Doing Politics by Other Means: Horace's "Art of Poetry"

Harper Memorial Library, 130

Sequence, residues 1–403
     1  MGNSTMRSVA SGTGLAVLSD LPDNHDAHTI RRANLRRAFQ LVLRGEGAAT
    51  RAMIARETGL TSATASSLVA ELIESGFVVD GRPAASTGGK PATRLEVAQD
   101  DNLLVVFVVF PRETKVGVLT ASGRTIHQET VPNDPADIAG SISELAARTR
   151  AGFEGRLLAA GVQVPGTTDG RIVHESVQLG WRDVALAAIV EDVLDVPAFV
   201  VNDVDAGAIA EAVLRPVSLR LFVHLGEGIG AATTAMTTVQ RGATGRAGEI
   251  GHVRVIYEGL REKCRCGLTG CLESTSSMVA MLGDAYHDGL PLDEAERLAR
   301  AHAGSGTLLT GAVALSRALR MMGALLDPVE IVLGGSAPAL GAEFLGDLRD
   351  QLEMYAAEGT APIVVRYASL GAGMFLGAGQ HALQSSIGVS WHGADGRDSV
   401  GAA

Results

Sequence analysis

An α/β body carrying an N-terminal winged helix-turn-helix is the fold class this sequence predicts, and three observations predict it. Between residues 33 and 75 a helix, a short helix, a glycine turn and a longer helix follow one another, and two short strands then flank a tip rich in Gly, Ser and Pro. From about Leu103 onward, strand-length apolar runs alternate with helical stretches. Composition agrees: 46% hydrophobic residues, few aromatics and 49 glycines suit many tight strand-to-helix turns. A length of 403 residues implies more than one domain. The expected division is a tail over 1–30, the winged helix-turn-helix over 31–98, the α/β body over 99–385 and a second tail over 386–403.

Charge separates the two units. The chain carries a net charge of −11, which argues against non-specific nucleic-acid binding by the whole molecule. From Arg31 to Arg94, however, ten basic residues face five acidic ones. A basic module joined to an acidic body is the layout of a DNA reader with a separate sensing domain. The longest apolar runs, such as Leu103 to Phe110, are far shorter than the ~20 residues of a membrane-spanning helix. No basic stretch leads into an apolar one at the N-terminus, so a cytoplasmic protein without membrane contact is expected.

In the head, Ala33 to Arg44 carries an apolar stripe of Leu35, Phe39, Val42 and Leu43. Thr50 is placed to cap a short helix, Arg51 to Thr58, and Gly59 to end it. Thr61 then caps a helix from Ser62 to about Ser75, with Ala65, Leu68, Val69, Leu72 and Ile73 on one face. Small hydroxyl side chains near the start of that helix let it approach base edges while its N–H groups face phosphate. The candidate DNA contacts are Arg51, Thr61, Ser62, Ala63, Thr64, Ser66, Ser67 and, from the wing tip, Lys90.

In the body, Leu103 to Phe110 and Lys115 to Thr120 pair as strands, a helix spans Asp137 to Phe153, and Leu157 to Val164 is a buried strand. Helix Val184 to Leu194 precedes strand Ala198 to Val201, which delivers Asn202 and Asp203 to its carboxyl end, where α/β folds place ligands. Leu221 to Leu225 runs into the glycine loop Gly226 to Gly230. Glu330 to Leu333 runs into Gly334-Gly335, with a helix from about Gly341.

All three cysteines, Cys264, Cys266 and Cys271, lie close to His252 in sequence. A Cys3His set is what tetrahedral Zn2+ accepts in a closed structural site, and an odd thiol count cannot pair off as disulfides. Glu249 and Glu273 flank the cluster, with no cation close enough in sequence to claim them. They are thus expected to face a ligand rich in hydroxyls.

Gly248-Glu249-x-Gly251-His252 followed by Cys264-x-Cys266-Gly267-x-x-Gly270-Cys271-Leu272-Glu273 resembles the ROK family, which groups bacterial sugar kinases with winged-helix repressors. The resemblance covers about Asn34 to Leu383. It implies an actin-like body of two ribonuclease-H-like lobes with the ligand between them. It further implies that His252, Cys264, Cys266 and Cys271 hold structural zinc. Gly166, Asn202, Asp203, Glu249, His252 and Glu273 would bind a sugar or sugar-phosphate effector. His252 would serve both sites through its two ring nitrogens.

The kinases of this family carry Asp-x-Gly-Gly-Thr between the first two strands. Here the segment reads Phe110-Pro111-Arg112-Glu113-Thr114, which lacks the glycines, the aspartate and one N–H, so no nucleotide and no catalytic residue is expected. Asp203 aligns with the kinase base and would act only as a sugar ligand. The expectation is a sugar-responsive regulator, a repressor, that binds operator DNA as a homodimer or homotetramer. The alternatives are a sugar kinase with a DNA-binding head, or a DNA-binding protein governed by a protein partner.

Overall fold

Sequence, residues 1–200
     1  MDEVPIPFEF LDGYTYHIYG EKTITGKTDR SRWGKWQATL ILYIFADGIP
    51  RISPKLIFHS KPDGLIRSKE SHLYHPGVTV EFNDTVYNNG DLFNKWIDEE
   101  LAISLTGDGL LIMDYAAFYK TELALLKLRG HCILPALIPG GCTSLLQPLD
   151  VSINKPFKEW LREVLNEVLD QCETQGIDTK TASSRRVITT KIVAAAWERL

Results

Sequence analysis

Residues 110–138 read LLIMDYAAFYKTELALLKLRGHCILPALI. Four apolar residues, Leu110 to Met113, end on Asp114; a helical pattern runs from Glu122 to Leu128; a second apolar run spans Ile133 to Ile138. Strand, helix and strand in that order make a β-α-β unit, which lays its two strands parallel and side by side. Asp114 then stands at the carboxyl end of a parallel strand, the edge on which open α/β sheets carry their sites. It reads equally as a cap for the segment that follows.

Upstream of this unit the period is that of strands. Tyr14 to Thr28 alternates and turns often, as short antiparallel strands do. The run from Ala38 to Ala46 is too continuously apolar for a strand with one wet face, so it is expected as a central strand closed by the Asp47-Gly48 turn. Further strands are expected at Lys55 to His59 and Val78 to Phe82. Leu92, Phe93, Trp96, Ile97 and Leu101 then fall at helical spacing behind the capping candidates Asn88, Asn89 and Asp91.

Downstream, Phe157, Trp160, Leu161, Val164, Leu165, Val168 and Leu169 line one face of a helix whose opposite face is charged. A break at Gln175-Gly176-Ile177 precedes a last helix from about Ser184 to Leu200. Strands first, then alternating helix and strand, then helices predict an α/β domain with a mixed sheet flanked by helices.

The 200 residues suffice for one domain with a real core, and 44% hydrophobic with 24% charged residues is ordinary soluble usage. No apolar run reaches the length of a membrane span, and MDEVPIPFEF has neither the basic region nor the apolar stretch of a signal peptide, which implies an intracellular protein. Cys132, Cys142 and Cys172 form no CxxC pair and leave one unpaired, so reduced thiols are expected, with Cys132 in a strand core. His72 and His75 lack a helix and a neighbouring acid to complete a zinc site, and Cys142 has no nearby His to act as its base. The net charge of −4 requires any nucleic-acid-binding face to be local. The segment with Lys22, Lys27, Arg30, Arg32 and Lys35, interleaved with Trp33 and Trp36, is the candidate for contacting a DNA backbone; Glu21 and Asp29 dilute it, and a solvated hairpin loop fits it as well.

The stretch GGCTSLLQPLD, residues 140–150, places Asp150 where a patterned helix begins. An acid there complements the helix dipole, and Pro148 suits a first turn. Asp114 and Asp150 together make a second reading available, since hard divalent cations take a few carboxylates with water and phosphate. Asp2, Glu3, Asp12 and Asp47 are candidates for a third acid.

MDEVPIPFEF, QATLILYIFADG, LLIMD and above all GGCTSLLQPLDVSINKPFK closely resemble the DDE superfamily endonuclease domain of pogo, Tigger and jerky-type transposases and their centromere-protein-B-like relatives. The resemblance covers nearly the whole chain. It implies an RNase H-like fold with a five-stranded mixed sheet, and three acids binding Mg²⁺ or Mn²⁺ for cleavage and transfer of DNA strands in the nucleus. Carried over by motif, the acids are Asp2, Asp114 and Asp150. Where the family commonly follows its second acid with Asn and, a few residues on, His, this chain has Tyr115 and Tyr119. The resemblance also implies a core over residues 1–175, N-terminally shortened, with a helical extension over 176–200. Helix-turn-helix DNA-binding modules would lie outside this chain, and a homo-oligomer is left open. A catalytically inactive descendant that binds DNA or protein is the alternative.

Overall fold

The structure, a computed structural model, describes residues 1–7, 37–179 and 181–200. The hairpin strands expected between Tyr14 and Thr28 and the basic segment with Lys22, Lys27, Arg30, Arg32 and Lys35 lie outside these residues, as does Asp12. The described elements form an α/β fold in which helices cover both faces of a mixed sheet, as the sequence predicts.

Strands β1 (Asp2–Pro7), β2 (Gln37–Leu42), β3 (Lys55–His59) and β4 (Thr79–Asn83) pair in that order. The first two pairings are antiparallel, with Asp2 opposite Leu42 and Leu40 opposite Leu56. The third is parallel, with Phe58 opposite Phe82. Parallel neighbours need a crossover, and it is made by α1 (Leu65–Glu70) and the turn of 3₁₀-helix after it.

Horace received the elite education of an orator and served as a military tribune under Brutus against Caesar in the civil wars. When the Roman Republic collapsed and Augustus came to power, Horace gave up the expectation of becoming Cicero's successor and turned to poetry. Once we realize that literature replaced politics as the public sphere under the empire, many enigmas in Horace’s famed Ars poetica appear in a new light: the address to a preeminent republican family, the focus on tragedy, the audience as populus, and the figure of Empedocles—an example of a poet gone mad.